Associate Press photo of Shepard Fairey and his “Barack Obama” artpiece

In a follow-up to last week’s story. “Street Artist Shepard Fairey’s Iconic Image of President-Elect Barack Obama Graces the Cover of Time Magazine’s “Man of the Year,” on Saturday, January 17, Shepard’s “Barack Obama” artwork was inducted into the Smithsonian Institution. During a week of great celebration of the inauguration of the 44th President of the United States, Barack Hussein Obama, it’s important to note how cultural grassroots movements via street art have finally made its mark.

The concept has been coined “inauguration marketing” by some in the advertising industry and is starting to be used, for example, by many brands such as Pepsi’s POP campaign incorporating colors red, white, and blue, with messages of hope in large type-face fonts. However it still comes down to authenticity, as I stated in last week’s storyon Shepard’s Time Magazine cover. Authenticity that’s not motivated by profits but by change. This is the new era of today’s generation.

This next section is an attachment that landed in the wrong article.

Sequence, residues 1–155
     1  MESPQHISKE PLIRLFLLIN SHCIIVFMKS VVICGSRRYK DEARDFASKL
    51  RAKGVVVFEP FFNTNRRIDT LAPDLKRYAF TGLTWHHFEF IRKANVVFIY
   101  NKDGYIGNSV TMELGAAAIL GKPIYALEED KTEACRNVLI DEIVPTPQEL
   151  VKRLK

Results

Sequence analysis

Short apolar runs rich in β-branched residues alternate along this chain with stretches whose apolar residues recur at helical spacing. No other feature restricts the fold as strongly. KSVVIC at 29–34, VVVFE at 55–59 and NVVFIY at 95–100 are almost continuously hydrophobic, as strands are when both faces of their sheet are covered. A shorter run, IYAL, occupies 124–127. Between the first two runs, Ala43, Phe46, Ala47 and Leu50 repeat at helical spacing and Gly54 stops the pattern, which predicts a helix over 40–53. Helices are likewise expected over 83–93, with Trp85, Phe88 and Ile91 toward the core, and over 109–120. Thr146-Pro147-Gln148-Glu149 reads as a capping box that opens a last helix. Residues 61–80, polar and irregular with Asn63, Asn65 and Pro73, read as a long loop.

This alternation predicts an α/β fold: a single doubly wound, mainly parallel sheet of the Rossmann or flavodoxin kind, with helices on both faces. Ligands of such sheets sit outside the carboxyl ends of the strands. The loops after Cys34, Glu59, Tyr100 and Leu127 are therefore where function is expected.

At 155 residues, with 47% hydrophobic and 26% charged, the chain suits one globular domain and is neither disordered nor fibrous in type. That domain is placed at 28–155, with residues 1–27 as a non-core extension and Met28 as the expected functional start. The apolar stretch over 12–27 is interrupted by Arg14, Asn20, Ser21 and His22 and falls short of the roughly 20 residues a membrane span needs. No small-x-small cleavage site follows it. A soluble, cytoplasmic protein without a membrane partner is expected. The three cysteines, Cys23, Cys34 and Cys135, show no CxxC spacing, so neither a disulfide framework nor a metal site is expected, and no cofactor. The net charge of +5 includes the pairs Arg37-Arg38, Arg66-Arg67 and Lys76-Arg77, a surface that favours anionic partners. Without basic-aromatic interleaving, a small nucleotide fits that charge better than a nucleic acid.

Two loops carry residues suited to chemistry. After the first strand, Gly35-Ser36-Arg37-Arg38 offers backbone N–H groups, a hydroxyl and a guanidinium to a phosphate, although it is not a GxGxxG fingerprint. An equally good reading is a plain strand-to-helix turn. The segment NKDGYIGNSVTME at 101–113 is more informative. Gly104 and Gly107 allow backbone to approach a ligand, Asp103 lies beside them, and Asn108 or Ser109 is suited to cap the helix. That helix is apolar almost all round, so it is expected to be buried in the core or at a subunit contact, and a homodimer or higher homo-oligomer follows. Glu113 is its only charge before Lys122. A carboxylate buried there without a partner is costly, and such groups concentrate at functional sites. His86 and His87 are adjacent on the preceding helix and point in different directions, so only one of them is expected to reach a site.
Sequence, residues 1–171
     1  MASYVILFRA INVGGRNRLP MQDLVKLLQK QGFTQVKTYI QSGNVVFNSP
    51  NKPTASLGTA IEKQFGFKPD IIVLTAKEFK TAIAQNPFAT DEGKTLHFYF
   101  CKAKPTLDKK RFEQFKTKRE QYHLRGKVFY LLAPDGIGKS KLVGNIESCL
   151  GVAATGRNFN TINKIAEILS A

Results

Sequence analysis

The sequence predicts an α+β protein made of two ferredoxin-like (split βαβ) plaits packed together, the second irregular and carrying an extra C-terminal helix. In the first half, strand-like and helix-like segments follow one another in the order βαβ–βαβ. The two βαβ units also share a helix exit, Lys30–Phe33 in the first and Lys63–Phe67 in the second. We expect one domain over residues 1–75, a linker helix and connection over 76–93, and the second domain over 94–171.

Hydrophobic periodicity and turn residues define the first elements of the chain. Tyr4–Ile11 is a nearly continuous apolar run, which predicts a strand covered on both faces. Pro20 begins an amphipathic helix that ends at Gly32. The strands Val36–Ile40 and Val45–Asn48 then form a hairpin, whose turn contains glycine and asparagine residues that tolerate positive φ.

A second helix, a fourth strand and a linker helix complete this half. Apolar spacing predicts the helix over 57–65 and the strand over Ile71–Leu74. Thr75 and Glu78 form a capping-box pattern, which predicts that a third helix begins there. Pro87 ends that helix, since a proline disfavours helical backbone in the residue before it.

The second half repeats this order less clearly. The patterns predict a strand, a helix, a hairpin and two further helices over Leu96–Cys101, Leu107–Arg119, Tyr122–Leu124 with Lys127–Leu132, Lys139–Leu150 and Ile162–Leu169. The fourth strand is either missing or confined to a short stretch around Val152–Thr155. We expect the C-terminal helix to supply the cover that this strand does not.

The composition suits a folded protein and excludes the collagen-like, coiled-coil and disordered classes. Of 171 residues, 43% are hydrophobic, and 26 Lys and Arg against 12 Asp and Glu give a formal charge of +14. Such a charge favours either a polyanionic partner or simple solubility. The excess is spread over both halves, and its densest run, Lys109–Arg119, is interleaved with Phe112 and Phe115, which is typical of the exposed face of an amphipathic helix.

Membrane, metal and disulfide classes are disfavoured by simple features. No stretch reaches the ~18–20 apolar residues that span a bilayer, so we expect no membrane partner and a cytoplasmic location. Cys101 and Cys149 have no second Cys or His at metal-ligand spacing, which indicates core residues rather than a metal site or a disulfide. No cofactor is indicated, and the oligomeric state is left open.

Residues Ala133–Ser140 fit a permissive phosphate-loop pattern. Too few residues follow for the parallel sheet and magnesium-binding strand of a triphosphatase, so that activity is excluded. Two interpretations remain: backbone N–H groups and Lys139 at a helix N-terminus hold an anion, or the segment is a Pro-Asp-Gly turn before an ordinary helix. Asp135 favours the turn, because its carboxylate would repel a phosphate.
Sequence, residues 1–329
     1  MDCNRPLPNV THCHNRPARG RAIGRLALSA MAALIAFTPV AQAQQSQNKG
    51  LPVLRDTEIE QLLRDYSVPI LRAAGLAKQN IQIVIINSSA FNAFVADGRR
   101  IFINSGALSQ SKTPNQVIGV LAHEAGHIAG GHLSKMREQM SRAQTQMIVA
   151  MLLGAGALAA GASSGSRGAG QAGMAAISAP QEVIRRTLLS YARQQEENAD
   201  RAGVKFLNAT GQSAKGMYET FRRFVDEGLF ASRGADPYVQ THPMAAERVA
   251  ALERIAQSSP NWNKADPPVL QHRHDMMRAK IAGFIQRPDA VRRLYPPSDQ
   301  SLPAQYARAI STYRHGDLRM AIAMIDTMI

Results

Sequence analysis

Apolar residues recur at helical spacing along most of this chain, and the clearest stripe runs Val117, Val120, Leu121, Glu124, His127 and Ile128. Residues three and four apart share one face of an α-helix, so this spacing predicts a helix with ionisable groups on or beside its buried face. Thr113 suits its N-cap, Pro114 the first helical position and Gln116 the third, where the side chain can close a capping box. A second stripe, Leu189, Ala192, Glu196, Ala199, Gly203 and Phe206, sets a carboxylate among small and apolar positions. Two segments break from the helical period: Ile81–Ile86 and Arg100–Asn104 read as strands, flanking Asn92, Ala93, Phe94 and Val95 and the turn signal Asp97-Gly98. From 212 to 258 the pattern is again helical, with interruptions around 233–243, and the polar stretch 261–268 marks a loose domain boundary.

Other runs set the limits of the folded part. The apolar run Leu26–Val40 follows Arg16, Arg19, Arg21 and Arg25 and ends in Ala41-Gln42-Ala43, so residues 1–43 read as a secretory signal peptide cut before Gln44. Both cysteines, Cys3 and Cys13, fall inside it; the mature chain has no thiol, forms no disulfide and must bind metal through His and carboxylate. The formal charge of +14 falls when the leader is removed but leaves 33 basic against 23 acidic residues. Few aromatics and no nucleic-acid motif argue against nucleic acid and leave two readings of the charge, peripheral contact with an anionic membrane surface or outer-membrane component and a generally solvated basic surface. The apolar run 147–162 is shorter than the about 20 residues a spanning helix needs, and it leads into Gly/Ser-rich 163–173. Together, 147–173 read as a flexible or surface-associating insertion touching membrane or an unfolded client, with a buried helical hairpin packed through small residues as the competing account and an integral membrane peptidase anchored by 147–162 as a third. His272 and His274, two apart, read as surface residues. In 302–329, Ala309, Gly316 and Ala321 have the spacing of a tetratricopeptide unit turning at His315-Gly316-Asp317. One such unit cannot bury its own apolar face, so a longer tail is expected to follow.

However countless stories have recently been released by advertising industry sources about how “surprising” it was that the Obama campaign went after the ephemeral market of new voters or young people. As though that was an outrageous concept because it had never been done before. It’s exactly that kind of thinking that is part of the problem many large brands continue to have today. Thinking that the youth market or new markets (untested entities) are mercurial and all too difficult to understand, say nothing about actually looking at them towards understanding the future.

Fortunately, we have a forward-thinking President now and the recognition of one of our street artist peers in one of the most prestigious galleries in the world. And if the ad industry needs to “coin” a concept to grasp it’s potential, then so be it. Inauguration marketing may just be the best thing to come along to get certain industries to start thinking differently.